Federal Conservation Policy, 1921-1933

Federal Conservation Policy, 1921-1933

Federal Conservation Policy, 1921-1933

Federal Conservation Policy, 1921-1933

Excerpt

THE ORGANIZED CONSERVATION MOVEMENT in the United States is essentially a twentieth-century phenomenon, yet the impulse to conserve natural resources is not new. As long ago as the seventeenth century, government officials in the American colonies attempted to protect certain important raw materials, but early efforts to save resources utterly failed. Surrounded by natural abundance, Americans saw no need for frugality. They exploited land, timber, and game with reckless abandon, and their wastefulness continued as the years passed. After the Civil War a significant number of men, especially scientists, began to recognize that the nation's natural resources were dwindling and that measures had to be taken to prevent ultimate resource exhaustion. During the 1860's and 1870's, small but enthusiastic groups of citizens began working to save wildlife, and local organizations in the West sought to preserve watersheds. In the nation's capital, scientific societies joined in a plea for federal action to protect existing timberlands. Yet the idea of limiting resource use was alien to the American tradition. Nurtured in the belief that natural resources were inexhaustible, the vast majority of people remained hostile to the concept of conservation. Accordingly, the early conservationists made only slight progress. Their major triumphs were the establishment of the first forest reserves and the creation of a few national parks.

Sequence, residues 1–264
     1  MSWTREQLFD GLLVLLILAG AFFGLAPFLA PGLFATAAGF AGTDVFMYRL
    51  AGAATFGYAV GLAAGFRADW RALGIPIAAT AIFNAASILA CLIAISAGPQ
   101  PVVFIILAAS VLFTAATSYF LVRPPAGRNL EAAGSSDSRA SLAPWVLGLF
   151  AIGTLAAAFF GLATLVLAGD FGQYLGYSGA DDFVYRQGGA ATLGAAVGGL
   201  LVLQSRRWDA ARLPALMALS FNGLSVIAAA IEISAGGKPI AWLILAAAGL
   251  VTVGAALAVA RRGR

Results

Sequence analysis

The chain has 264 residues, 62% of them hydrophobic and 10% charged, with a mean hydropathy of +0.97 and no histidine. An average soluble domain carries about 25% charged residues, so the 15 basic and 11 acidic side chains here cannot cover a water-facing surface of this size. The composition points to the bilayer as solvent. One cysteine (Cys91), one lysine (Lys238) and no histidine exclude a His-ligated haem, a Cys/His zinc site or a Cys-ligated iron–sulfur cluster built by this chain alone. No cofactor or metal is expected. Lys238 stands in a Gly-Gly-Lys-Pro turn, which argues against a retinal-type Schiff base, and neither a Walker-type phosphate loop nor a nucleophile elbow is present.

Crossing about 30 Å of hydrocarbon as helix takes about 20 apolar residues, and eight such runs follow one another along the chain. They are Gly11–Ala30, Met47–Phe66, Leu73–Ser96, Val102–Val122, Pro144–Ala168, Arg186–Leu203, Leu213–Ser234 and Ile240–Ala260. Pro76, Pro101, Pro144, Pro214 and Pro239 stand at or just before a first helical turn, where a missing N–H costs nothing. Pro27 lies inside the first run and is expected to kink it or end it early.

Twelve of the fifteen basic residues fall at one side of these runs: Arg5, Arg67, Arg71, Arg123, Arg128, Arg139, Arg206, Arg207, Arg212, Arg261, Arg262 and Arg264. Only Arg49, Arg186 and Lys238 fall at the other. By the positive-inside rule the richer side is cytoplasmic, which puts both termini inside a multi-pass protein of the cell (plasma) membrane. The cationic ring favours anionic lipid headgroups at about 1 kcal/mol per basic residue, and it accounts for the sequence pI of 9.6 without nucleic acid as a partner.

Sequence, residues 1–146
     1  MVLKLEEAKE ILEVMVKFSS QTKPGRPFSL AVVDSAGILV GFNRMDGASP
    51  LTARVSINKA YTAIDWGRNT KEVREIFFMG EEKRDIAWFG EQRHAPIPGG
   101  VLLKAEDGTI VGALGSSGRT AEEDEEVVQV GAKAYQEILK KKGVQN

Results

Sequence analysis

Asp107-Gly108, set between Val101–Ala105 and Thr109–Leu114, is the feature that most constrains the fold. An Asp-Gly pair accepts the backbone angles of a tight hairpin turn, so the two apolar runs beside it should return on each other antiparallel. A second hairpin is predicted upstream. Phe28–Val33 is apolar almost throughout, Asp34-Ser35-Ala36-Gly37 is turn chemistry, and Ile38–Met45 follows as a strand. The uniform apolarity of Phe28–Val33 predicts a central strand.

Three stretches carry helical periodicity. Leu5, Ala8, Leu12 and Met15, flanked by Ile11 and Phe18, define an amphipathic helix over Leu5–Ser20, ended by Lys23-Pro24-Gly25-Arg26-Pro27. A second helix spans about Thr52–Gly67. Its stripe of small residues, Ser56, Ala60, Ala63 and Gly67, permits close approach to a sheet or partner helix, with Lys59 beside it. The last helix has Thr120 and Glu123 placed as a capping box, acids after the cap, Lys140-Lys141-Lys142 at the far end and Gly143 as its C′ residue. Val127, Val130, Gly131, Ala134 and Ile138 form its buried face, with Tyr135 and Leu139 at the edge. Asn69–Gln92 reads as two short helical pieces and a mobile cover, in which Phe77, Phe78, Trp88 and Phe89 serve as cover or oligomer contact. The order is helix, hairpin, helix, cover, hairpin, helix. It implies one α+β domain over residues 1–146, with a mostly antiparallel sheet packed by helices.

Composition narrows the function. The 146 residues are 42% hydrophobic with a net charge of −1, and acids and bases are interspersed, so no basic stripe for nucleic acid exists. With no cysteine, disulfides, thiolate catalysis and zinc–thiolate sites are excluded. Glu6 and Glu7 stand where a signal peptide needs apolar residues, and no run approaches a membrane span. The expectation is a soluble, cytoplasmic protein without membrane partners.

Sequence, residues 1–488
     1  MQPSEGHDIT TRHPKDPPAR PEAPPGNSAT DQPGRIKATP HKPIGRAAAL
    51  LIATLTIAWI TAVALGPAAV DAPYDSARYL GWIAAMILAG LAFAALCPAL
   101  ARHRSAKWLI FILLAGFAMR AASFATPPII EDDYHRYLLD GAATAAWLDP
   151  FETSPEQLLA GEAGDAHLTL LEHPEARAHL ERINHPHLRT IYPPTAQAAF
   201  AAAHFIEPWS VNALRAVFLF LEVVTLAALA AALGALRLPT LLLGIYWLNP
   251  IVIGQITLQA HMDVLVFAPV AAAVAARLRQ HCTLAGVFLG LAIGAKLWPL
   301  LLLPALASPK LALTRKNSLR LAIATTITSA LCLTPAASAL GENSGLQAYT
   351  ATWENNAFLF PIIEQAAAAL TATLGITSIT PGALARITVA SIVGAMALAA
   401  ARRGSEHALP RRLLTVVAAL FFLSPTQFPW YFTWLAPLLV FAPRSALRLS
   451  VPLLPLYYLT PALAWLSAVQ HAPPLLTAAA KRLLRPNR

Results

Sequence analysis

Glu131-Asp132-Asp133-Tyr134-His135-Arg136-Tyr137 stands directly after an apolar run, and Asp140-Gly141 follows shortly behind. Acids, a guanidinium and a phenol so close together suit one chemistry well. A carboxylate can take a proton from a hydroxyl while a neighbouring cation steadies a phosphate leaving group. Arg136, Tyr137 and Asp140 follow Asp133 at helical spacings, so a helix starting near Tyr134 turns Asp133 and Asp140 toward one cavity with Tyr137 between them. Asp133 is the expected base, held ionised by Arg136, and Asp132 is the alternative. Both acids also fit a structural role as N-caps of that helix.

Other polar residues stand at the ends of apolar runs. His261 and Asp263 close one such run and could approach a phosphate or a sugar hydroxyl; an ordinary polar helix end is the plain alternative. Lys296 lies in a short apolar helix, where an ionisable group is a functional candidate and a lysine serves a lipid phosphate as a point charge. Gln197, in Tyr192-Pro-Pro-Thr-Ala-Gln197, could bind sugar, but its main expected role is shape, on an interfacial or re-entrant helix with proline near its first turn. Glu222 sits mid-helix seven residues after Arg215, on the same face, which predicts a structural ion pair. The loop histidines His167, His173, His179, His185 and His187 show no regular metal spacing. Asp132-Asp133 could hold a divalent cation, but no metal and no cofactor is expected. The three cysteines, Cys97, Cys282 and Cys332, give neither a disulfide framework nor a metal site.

Government scientists and administrators contributed to the early development of the conservation idea. Wrestling with the complex problem of Western economic development, particularly the quest for water, John Wesley Powell and others like him were forced to think in utilitarian terms. During the 1880's they began to preach that resources Should be developed purposefully and according to plan, a concept that became the basis for a new conservation philosophy. Once systematized, the utilitarian gospel spread quickly. Before the turn of the century, federal administrators had displaced the preservationists as the driving force behind the effort to conserve natural resources, and the conservation cause, now rooted in utilitarianism, gained popularity.

The first truly national conservation program took form during the initial decade of the twentieth century, and under the aegis of President Theodore Roosevelt federal resource agencies moved toward a more sophisticated understanding of the conservation concept. Gifford Pinchot, an energetic and colorful young man, leader of the government . . .

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